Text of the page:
MAKE:TNT Tools 'n' Tips

Grammar Tip: Lie vs. Lay

by Arwen O'Reilly Griffith


OK folks, here's your grammar tip of the week. There are a number of verbs that we makers use with some frequency, so I thought it might be time to clear the air. Here's one pair of verbs we often trip over at the MAKE office.

The reason most people get "lay" and "lie" confused is that lay is the past tense of lie as well as being the present tense of itself.

Lay is a transitive verb, meaning that generally it is used with an object (you lay your cigar box guitar on your workbench).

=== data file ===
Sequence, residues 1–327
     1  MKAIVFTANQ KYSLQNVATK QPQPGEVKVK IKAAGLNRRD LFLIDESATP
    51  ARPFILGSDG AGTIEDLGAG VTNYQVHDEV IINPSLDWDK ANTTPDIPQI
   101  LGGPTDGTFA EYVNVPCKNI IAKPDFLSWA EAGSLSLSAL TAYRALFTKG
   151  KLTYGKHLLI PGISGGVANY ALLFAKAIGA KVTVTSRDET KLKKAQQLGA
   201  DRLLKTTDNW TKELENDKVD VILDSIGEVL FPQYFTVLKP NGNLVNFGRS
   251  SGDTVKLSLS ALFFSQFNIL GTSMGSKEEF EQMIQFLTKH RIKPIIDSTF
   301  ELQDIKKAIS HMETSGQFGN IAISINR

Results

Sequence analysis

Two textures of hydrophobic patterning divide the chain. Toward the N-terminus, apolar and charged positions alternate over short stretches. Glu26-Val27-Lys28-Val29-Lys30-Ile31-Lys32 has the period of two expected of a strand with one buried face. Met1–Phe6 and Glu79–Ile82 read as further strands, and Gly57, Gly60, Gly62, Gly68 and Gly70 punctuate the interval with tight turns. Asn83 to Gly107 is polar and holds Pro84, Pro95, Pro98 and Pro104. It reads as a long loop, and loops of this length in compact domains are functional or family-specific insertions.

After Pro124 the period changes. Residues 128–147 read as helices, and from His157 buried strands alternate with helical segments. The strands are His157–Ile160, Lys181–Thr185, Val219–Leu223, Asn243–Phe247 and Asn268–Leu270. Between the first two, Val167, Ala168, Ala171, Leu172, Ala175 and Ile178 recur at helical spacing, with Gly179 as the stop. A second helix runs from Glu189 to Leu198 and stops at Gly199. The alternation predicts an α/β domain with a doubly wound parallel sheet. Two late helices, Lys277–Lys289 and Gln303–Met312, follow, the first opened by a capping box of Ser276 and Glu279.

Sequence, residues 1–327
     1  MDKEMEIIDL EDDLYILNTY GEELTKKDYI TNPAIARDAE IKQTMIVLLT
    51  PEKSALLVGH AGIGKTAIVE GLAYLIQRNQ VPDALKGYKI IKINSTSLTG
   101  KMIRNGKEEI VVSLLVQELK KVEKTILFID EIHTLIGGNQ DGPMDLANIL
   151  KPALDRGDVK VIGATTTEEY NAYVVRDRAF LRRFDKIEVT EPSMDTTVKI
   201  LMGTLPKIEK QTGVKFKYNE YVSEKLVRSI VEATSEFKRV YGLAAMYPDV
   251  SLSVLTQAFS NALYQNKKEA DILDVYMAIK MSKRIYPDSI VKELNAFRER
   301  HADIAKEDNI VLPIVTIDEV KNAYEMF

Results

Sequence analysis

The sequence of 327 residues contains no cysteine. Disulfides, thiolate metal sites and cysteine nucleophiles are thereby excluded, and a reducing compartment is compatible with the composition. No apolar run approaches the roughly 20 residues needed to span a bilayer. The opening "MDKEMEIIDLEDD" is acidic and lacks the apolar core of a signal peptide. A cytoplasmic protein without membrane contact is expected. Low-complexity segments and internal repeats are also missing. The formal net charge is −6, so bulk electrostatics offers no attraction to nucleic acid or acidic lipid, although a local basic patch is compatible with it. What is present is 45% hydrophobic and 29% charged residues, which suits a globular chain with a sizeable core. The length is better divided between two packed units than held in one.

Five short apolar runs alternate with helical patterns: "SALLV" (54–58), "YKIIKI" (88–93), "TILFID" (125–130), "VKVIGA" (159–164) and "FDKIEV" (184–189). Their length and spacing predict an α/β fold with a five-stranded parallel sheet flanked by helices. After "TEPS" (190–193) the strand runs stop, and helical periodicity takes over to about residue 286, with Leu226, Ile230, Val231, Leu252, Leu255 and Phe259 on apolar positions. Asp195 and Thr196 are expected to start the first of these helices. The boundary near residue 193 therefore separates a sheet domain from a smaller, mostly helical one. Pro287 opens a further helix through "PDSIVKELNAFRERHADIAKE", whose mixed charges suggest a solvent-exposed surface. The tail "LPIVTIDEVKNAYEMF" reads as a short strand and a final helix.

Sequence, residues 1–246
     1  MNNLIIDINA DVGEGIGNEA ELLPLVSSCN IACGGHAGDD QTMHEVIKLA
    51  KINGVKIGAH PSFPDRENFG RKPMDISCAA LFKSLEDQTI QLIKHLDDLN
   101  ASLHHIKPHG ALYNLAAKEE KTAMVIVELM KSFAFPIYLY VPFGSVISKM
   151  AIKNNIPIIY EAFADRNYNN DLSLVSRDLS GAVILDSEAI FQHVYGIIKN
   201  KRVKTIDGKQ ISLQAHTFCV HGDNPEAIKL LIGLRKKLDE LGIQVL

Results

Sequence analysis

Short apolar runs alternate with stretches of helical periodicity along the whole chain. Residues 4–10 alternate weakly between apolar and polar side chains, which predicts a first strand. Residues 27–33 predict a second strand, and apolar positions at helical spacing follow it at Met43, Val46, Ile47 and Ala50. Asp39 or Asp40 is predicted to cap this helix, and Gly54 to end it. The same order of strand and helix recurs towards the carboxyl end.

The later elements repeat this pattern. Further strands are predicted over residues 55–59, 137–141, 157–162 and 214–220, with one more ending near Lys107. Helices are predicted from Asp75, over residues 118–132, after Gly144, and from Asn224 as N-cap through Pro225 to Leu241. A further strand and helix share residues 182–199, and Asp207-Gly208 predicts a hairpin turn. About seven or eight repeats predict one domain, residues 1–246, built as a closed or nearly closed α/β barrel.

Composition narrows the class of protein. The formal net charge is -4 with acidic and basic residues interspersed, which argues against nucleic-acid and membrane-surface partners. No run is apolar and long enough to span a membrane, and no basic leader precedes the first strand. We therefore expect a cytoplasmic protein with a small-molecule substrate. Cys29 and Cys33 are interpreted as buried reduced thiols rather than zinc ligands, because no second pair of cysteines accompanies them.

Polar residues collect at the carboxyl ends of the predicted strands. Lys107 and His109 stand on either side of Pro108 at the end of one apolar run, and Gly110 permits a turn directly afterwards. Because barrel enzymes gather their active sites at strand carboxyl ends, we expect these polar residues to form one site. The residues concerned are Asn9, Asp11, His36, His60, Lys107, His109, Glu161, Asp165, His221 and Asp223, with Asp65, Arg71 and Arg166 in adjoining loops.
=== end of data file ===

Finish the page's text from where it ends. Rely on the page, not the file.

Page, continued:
Lie is an intransitive verb, meaning that it is not used with an object (you lie down in exhaustion after finishing your new videocam rocket).

The past tense of lay is "laid" (you laid your socket wrench on the table saw yesterday) and the past tense of lie is "lay" (last week you lay in your hammock and didn't build anything).

OK, now you know the difference. Just don't leave your tools lying around!